(I use the Kokuyo Campus Notebook — $8 on Amazon — for doing morning pages. It's technically a little bit too small, but here we are.)

    12. Speaking of private activities, your morning pages are for your eyes only.

    This is the case with a lot of diary writing or journaling, but I consider my morning pages even more private than my diaries. You’re really not even encouraged to go back and read your own morning pages; in fact, Cameron straight up says for the first two months, you are not allowed to re-read what you've written. As someone who has to re-read her own writing a lot, I can tell you that it’s incredibly freeing to stop giving a fuck about how something will sound later. (Though it definitely takes time to get used to that change!)

    Cameron said that she keeps her notebooks after she fills them, but that her daughter has strict instructions to burn them after Cameron dies. (I like her style.)

    13. Some days will definitely be harder than others.

    Cameron writes that the first page and a half typically come easily, and then people often hit a wall that they kind of have to push through; I 100% found that to be the case, so her warning was reassuring. “The second page and a half comes harder, but often contains paydirt,” she writes. “Often the last paragraph brings insight and breakthroughs.”

    If you are finding yourself hitting that wall, you can try one of her prompts: 1. What do I need to know? 2. What do I need to try? 3. What do I need to accept? 4. What do I need to do? She also suggests asking yourself the question “What should I do next?” which I also really like.

    14. Morning pages taught me that writing first drafts by hand is amazing.

    Sometimes when I can't think of anything to write about, I’ll just start writing notes for an essay I've been noodling on for a while but haven't been motivated to officially start yet. This turned out to be incredibly helpful; there’s something about getting all of your thoughts out on paper first, in a place where you can’t delete anything you’ve written, that’s actually way easier than facing a blank doc. And because morning pages puts me in the “tune out your inner critic” mindset, I don't wait until I know exactly what I want to say or feel particularly inspired to start (which is usually the case with new writing projects). I don't wait to be in the mood; I just go for it, even if that means all I end up with is a fragmented, imperfect collection of words that couldn’t even qualify as a first draft. It's still something!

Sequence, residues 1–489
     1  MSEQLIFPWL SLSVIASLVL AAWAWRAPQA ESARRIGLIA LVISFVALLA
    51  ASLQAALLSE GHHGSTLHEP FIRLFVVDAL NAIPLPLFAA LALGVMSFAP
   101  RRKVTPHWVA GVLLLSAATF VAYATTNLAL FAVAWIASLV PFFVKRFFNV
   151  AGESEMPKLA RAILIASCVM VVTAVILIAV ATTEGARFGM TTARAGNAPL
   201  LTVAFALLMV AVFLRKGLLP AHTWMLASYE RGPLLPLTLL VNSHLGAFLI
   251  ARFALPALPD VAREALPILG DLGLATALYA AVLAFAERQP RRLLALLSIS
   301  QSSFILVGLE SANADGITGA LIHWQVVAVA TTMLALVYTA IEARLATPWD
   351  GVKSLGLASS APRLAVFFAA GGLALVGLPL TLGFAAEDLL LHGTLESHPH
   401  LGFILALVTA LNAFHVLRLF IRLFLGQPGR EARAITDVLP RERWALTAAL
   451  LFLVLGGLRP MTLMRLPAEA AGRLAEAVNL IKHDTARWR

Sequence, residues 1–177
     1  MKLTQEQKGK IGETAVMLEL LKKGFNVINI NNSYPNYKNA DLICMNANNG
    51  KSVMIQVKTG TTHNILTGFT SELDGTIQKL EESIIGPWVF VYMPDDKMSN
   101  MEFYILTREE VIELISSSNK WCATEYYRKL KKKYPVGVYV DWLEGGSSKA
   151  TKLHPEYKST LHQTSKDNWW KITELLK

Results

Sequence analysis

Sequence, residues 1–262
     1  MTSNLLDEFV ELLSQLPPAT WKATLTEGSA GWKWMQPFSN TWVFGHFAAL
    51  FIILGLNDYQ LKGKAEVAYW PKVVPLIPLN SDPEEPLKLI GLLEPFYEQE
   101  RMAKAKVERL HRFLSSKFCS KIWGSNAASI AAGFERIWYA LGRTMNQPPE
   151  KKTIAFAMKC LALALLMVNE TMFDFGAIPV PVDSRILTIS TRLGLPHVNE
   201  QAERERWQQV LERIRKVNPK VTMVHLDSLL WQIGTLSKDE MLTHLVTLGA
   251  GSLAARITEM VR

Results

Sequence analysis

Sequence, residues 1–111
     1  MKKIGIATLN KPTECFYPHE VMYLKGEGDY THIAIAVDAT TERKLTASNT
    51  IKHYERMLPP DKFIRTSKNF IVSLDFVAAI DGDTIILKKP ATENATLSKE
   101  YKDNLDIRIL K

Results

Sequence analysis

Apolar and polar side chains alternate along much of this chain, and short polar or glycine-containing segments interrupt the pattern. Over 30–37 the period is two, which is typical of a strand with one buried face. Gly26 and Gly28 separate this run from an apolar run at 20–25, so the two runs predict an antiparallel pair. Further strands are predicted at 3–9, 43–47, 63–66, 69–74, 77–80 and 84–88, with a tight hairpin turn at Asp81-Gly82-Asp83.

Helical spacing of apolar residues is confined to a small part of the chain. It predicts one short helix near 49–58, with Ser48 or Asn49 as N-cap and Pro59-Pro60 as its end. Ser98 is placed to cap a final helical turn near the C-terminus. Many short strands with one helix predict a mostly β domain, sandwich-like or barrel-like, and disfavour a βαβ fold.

15. Morning pages led me to evening pages.

    Last fall, I got into the habit of coming home from work, flopping down on the couch, and scrolling through apps and/or texting friends for at least an hour. Eventually, I decided to do a mini version of morning pages as soon as I got home from work. I use a smaller notebook and don’t give myself a page goal (I just usually aim for 15-20 minutes of writing) but the approach — just a stream of consciousness brain dump — is rooted in what I learned from morning pages. Not only did doing evening pages help me break some bad phone habits and stop letting my nights pass me by, but it also led me to be more creative and productive in the evenings overall. (I always get a big burst of creative energy/ideas when I'm walking home, but until I started doing evening pages, I basically just squandered it.)